It works!

Thursday, 22nd September 2005

  • Fire Track II for TI-83 Plus: 31 source files.
  • Fire Track for the Sega Game Gear: 42 source files.
    Based on this information alone, you can deduce that FTGG will be vastly superior. wink.gif

    I just gave FT2 a try in VTI (I don't have any batteries in my calculator) and good grief it's slow. FTGG is much much faster... (though you should see it go when I set the enemy speed to two... I need more accurate control of speed, 1 being medium-ish easy, 2 being nightmarishly impossible!)

    This makes me happy.

    yay.gif
    Things to notice about the above screenshot:

    • Near pixel-perfect parallax star background (you can see some through the bullet holes!)
    • Not one single poorly timed VDP write.

    This has required an enormous amount of code rewriting!
    First to be fixed was the VDP timing. With a few .ifdefs, restructuring of the main loop and addition of an extra function call, all sprite data is now written to a shadow in RAM and then all sent to the VDP at once. This means that in sprite-intensive frames the framerate drops (it is unnoticable!) instead of the VDP going bonkers.

    Next up, the pixel-perfection. I do not know if you know how difficult this is to do on this hardware (or, at least to a hack coder like myself), so I'll do my best to explain.

    On a purely software-driven system, you can create a bitmask of your tiles so that when you manually blend your layers together you can cut out the stars you don't need. Or, you just draw them first then draw the tiles on top.

    On more advanced hardware you can Z-order your polygons, so that's all done for you.

    On the Game Gear, I have two layers - sprites and background. I can set individual background tiles to be on top of sprites - but this would dump a solid 8x8 square on top of everything. In other words, ALL the sprites are drawn under the background tiles marked as being on top. I had toyed with the idea of bizarre palette tricks and messing around with the tiles themselves, thinking sprites would be too slow (I asked about this on the SMS Power! boards - apparantly some games do the sprite trick, so I gained confidence in it).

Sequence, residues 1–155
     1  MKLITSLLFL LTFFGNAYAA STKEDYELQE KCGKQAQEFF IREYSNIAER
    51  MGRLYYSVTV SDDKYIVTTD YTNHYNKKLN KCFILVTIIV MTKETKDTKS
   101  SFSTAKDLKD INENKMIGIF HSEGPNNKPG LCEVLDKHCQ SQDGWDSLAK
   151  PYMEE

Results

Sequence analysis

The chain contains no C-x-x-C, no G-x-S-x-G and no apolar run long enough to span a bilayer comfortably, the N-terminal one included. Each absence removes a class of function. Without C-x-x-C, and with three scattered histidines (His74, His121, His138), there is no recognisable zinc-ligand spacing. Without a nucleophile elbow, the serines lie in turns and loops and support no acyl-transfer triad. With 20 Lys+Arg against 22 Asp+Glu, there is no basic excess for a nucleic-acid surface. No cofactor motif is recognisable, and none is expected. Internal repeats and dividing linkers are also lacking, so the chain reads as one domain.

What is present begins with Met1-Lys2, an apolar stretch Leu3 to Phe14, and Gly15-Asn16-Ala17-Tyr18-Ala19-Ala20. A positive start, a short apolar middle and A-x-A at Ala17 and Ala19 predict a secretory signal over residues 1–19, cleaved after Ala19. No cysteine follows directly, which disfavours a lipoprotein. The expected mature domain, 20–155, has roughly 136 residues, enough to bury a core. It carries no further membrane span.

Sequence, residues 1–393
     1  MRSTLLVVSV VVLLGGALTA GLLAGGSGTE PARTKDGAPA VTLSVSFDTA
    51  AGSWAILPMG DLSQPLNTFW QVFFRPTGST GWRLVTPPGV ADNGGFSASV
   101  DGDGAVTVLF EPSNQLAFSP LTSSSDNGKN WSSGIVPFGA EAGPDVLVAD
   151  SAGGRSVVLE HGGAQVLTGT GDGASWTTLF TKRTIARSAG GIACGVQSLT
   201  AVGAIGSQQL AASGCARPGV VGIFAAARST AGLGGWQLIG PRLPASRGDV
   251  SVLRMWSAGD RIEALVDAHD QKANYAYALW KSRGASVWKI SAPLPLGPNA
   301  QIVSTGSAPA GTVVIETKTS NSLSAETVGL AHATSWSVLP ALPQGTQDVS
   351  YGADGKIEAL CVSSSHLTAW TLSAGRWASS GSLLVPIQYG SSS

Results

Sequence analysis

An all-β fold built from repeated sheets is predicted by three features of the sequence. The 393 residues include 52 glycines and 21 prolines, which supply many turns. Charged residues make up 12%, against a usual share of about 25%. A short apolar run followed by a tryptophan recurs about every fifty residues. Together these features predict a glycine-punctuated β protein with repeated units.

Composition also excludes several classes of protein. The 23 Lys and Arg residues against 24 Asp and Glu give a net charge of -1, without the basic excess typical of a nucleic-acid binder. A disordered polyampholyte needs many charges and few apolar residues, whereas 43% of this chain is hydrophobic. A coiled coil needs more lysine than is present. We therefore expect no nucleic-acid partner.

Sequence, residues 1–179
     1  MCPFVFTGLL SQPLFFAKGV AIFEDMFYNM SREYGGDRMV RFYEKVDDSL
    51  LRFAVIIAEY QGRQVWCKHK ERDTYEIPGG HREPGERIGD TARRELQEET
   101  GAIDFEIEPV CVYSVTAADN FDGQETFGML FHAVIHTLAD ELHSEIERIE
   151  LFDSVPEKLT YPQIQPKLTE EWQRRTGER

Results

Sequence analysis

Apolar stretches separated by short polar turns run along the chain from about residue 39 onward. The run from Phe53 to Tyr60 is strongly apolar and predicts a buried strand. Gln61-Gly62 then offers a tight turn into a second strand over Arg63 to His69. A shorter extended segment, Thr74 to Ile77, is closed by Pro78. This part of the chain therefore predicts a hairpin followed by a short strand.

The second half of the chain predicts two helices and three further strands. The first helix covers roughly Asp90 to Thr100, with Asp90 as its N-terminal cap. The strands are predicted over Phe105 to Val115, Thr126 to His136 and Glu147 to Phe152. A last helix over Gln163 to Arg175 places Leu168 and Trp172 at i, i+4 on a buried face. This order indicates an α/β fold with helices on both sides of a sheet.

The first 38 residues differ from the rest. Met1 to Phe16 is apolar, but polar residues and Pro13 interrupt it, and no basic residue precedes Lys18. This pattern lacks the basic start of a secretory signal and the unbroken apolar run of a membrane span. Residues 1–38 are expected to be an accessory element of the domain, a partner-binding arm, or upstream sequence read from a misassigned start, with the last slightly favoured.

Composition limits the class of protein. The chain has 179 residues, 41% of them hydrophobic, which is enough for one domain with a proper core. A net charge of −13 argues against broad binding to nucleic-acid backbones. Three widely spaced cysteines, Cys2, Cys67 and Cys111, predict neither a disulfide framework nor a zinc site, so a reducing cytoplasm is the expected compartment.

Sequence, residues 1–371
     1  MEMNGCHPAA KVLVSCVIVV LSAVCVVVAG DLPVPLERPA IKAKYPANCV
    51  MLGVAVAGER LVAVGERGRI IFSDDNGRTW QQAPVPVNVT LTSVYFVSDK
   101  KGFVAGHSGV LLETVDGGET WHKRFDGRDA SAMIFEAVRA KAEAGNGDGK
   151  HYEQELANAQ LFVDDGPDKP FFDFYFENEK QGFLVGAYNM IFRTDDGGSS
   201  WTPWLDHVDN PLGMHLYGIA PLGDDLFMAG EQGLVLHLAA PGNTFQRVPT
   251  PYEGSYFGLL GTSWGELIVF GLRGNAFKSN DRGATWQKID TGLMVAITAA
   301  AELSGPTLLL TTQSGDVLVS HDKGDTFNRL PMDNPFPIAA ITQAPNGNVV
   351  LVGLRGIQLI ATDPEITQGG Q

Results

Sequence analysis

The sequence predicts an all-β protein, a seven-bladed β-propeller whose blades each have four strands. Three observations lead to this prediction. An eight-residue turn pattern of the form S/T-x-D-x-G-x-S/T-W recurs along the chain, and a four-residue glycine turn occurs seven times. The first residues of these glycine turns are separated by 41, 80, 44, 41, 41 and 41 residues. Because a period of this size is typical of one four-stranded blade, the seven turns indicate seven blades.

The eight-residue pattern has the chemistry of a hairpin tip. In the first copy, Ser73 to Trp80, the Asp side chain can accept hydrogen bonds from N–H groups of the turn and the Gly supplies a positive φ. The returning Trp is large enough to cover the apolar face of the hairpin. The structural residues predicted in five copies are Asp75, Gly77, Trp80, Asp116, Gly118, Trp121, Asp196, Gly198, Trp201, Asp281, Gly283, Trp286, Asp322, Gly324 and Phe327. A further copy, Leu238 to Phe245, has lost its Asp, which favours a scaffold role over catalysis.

What I need to do is this:

    1. Take the (x,y) of my star and convert this into an offset into the VRAM name table.
    2. Look up the value of the tile at this value. If it is 0 (blank tile), draw the star. (Special case to skip expensive stage below)
    3. Look up the tile in a table of sprites marked as transparent. If it isn't listed, don't draw it.
    4. Take the offset into our table of transparent tiles, multiply it by 64, use that as an offset into another table. Find how far into the nearest tile as an (x,y) coordinate we are - that is, x is in the range 0-7 and y is also in the range 0-7 inside the current tile.
    5. Use this coordinate to look up inside our mask whether to draw the sprite or not.

    There was an awful lot to go wrong and it did, often. sad.gif It works pretty well now, so I'm happy with where it is. smile.gif

    The function to calculate the VRAM name table offset based on an X,Y on screen was broken. It needs to take into account the current vertical scroll, you see, to calculate the offset, so was essentially doing this to calculate which 8-pixel-tall row a pixel was in:

    row_offset = (y/8) + (scroll_y/8)

    (where y is the coordinate we pass to the function) - which leads to all sorts of rounding errors! The correct function is, of course:

    row_offset = (y+scroll_y) / 8

    Which, oddly enough, didn't seem to work at all well - at certain times, the values returned were completely off. The reason is simple enough - our scroll_y is a value between 0 and 223, and out y coordinate is anything between 16 and 160. 160+223=383 - you try storing that in an 8-bit register! So I updated the entire function to 16-bit code where needed.

    Z80 ASM gurus - my old code to divide A by 8 was the simple:

        srl a
        srl a
        srl a

    For my divide-hl-by-8 function (srl [reg] is a sort of [reg]>>=1 function) I use this:

        srl h
        rr l
        srl h
        rr l
        srl h
        rr l

    -- is this the fastest I could use? Is there a nice 16-bit shift operation available to me?

    Next I had to generate the transparency data. I edited my tile editor - solid green &00FF00 is taken to mean "transparent!" It dumps a list of any tile with transparency, then an expanded 64-byte table of the mask (1 byte per pixel - horribly big, but much faster than packing it into a 1bpp mask).

    When I say "near pixel-perfect", I have a problem - my stars are 2x2 pixels, and so if they can overlap the borders by a pixel or two from time to time. It doesn't look too bad, and in my defense the original Fire Track displayed stars over ANY black areas on the background at some points...

  • Parallax

    Wednesday, 21st September 2005

    Here's a nice little graphical enhancement...
    stars.jpg
    ...and here's the video for it!
    (I disabled collision detection for that video, so no silly comments, alright? wink.gif)

    Now, there's a little problem with this system - well, a number of problems. The worst is this: